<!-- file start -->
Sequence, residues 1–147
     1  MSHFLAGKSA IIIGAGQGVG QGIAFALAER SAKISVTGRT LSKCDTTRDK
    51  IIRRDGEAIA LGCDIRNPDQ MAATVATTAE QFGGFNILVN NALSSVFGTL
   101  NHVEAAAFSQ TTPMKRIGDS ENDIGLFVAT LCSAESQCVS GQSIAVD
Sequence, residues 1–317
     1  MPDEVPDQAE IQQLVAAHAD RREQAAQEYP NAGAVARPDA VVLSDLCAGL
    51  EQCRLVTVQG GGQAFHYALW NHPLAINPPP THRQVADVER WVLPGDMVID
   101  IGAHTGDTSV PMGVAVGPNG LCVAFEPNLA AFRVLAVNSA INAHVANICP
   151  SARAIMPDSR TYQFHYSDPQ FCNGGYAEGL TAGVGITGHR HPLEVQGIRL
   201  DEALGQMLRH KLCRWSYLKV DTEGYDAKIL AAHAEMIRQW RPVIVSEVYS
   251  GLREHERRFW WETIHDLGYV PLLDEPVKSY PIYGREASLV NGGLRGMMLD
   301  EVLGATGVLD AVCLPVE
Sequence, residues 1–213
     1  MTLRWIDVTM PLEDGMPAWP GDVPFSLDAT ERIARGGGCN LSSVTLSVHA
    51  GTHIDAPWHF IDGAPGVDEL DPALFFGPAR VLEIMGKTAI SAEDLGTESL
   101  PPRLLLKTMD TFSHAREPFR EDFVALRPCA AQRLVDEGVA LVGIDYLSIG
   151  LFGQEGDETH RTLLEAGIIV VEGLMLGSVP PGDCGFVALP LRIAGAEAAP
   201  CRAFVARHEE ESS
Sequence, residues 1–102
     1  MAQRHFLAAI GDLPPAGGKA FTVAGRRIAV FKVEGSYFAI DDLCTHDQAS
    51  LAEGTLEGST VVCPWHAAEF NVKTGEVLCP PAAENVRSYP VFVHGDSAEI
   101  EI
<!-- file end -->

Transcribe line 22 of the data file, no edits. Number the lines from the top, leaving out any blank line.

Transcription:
   101  EI